Sensing the mood is not as mysterious as it might sound to some. Several experiments and studies have shown that the ability to sense the mood is a natural ability in humans and most animals, even mice and rats. They have what one would call a well-developed empathy, and if you have good empathy combined with awareness of how empathy affects other people in leadership and teamwork relations, you can help create an atmosphere in which collaboration and leadership can function well. Empathy has been studied for hundreds of years, although there are many academic discussions about nuances of the definition, just as there are with the concept of trust, there is a lot of research pointing clearly in the same direction. Try to see the overlap in these descriptions:

  • An albino rat sees another rat hanging in the air in a harness. The rat hanging in the air is clearly stressed. The albino rat pushes the lever that safely lowers the rat to the ground. He stays close to the stressed companion.
  • Another rat sees a suffering companion receiving electric shocks and does not push the lever but flees to the corner, farthest from the screams.
  • In an experiment with rhesus monkeys, the monkeys were trained so that when they pulled on some chains, they received different amounts of food. The researchers now changed the rules: When one monkey pulled the chain with the largest amount of food, another monkey received an electroshock. Two-thirds then preferred the small portion of food. Of the remaining third, one did not pull the chain for five days, and another monkey did not touch the chain for 12 days, resulting in the monkey starving. We also know that newborn babies normally react to other babies crying by crying themselves.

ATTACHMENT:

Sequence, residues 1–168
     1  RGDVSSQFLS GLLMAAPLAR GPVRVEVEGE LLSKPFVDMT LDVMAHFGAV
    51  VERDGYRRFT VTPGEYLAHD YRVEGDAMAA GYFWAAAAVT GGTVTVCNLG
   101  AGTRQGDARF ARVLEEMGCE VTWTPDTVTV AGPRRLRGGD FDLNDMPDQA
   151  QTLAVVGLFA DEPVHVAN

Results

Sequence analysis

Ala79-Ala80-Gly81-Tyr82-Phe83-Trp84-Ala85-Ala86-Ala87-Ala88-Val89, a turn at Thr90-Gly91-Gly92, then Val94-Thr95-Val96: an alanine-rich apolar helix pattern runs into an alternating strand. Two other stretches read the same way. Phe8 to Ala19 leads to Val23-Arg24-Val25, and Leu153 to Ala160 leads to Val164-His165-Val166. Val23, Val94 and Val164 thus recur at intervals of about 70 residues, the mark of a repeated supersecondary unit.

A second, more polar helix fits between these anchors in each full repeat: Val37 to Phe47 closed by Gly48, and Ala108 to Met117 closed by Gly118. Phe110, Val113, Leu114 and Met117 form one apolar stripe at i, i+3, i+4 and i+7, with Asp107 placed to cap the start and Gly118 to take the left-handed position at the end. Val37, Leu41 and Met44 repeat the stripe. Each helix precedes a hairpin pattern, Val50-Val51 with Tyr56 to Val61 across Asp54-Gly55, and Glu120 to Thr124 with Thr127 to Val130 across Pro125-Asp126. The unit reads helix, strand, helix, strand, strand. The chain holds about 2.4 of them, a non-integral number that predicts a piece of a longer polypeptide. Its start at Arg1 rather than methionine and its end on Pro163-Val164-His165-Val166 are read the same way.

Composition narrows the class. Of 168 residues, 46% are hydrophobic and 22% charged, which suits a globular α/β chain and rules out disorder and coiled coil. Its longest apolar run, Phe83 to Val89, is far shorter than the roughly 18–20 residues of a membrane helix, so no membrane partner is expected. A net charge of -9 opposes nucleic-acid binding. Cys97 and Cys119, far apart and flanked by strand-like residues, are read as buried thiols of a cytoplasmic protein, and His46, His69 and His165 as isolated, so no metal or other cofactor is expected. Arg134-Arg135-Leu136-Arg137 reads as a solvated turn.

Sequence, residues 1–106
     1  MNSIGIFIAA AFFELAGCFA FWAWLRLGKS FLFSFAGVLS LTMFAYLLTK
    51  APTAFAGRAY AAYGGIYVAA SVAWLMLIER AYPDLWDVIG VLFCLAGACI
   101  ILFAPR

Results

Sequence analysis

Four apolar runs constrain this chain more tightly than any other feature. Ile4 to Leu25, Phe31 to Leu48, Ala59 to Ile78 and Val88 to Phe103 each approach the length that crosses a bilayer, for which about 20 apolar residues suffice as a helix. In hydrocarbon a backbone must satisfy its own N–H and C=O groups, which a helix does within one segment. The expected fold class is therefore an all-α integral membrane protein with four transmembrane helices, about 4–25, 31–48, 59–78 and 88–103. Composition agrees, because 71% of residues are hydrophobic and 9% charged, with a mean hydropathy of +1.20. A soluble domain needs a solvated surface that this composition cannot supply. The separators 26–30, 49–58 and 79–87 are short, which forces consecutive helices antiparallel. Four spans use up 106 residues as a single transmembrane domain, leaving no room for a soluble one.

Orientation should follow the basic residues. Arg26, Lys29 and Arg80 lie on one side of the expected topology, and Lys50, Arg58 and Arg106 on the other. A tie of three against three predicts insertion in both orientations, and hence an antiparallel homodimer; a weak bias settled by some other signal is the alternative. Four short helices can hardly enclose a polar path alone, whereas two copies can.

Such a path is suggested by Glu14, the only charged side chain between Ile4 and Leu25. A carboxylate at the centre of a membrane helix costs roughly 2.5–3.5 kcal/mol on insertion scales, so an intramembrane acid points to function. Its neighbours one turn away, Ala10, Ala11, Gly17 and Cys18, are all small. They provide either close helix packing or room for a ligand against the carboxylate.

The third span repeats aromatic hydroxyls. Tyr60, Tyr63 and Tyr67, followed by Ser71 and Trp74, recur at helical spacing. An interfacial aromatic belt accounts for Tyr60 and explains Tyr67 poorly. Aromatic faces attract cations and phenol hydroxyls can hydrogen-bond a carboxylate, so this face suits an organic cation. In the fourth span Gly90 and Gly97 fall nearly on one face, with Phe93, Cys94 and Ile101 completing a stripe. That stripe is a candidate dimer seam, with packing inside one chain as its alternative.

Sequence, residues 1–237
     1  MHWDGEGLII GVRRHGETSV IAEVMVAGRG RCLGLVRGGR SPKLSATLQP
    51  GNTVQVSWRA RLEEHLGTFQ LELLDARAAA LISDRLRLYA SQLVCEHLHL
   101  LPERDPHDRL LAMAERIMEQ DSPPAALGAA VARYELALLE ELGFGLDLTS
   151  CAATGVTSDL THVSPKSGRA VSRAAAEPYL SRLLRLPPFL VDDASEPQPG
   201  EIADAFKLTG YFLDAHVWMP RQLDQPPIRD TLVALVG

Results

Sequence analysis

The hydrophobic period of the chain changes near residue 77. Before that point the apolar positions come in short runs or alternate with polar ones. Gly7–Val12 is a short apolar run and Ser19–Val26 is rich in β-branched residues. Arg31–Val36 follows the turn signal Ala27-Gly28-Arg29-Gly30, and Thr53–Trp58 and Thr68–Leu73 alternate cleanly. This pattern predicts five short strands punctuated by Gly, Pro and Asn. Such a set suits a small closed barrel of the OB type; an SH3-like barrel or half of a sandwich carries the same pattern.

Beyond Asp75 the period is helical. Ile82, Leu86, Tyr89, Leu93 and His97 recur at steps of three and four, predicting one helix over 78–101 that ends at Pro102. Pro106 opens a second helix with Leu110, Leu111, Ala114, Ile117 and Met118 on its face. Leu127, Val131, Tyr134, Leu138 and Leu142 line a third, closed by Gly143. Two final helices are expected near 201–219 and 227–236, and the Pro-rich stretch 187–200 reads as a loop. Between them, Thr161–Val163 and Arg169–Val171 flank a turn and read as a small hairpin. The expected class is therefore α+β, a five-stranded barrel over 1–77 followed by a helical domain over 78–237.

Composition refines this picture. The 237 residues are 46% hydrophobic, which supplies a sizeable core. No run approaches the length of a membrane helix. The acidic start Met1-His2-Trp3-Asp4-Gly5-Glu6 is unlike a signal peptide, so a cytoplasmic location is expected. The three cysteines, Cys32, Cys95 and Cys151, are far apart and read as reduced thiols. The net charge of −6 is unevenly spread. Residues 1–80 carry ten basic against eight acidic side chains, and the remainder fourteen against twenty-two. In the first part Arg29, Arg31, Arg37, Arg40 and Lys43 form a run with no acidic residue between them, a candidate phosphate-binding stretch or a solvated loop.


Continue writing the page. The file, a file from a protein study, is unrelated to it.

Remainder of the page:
For empathy is an evolutionary phenomenon, just as Charles Darwin himself suggested it. If someone in the group sees or senses something dangerous, this will send signals to the observer’s amygdala, where the fight, freeze, and flight responds are. At the same time, the others in the group’s mirror neurons in the frontal lobes will be able to perceive that someone in the group has experienced something dangerous, so they feel the fear themselves, and signals are sent to their amygdala.

Through the mirror neurons that we all have in our frontal lobes, we have the opportunity to sense on our own bodies what others are feeling. It is a natural ability that everyone has, unless they have shut it down, or if they have been taken from their mother as a baby, or if their mother has been depressed while they were between 3-6 months old, as there is some research suggesting that the ability may not have fully developed. You can certainly achieve success as a specialist or individual performer without much empathy, but at some point, in your career, whether you are a specialist or a leader, you will hit a ceiling if you cannot sense other people. Because it becomes too difficult to get others to follow you and collaborate – it becomes much harder to understand each other.

In coaching, we often work on developing empathy. It’s never too late. The mirror neurons can be reactivated. It just needs training. The worst that can happen is that you get a better life.

I will gladly take a non-binding chat – helping you to explore what’s really important to you. You can reach out here or take a closer look at me as a coach.